An enzootic T. cruzi transmission involving at least 11 triatomine species and 24 species of wild animals has been well documented in the southern United States going back approximately 150 years (3). Historical records of triatomine findings show species distributed across at least 29 states in the United States (4). There are an estimated 300,000 persons with Chagas disease in the United States, but only 28 autochthonous infections had been documented from 1955 to 2015 (5). Triatomine species in the United States are primarily sylvatic and typically not found colonizing human dwellings. Prevalence of T. cruzi infection in triatomines can vary and transmission is not efficient; the parasite is passed in the triatomine’s feces and infection occurs when feces contaminate a break in the skin or conjunctiva. In Missouri, Triatoma sanguisuga vectors have been identified during 2012–2016 and as recently as July 2019 (MDHSS surveillance, unpublished data, 2019) (6). In 2018, a single finding of T. lecticularia in Missouri was confirmed by molecular typing at CDC.
Blood donor screening for T. cruzi antibodies in the U.S. blood supply was first implemented in 2007 (3). Positive results from blood donor screening for T. cruzi antibodies should be followed by diagnostic testing. Diagnosis of chronic Chagas disease is based on positive results from at least two serologic tests that use different techniques and different antigen preparations because no single test is sufficiently sensitive and specific for diagnosis.* Commonly used techniques include ELISA using recombinant antigens, TESA, and IFA. This patient’s results were positive with EIA and negative with TESA. CDC’s testing algorithm employs a third test when results of the first two tests are discordant. In the Missouri patient, the IFA result was positive for T. cruzi antibody. Based on the patient’s testing results, history and presentation, this patient likely represents the first documented autochthonous case of Chagas disease in Missouri.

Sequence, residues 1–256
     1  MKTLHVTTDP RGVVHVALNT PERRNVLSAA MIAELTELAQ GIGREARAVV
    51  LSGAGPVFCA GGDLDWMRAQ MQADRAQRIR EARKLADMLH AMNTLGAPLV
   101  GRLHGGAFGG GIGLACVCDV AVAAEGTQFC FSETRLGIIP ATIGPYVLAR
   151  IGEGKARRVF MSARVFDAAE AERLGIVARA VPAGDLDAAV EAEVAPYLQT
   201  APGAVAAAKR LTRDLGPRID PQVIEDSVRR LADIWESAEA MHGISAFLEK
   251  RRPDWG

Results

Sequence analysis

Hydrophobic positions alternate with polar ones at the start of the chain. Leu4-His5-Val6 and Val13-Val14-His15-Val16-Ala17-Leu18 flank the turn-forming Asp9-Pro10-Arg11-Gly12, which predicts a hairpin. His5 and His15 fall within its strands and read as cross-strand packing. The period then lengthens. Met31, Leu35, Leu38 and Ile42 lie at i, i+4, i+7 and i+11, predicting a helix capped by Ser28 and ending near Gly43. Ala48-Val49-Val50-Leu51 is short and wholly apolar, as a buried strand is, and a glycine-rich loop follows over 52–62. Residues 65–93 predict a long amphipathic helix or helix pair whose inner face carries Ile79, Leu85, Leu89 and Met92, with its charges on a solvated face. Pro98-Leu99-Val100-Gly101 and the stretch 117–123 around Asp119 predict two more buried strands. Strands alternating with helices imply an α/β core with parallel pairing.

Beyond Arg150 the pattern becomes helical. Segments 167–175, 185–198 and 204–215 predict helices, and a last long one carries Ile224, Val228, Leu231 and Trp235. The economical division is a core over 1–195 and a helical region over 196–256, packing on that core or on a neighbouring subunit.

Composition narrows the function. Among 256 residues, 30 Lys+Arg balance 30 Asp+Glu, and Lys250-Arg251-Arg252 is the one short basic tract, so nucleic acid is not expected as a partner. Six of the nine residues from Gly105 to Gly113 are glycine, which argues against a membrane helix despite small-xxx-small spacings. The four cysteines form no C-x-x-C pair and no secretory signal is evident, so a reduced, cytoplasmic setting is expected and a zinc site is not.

Most persons with Chagas disease acquired their infection in the parts of Latin America where Chagas disease is endemic (5). Currently, more than a century after its discovery in Latin America, Chagas disease has a global distribution including the United States because of migration from areas with endemic disease. Few cases of locally acquired vectorborne infection have been reported in the United States. The likely autochthonous case described in this report underscores importance of health care provider awareness of possible Chagas disease even in the states considered low risk for this infection and need for the careful consideration of the patient’s history to identify possible risks for T. cruzi infection.
Corresponding author: George Turabelidze, George.email@example.com, 314-877-2826.
1Division of Community and Public Health, Missouri Department of Health and Senior Services, Jefferson City, Missouri; 2Division of Infectious Diseases, Department of Medicine, University of Missouri School of Medicine, Columbia, Missouri; 3Division of Parasitic Diseases and Malaria, Center for Global Health, CDC.
All authors have completed and submitted the International Committee of Medical Journal Editors form for disclosure of potential conflicts of interest. No potential conflicts of interest were disclosed.
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Suggested citation for this article: Turabelidze G, Vasudevan A, Rojas-Moreno C, et al. Autochthonous Chagas Disease — Missouri, 2018. MMWR Morb Mortal Wkly Rep 2020;69:193–195. DOI: http://dx.doi.org/10.15585/mmwr.mm6907a4external icon.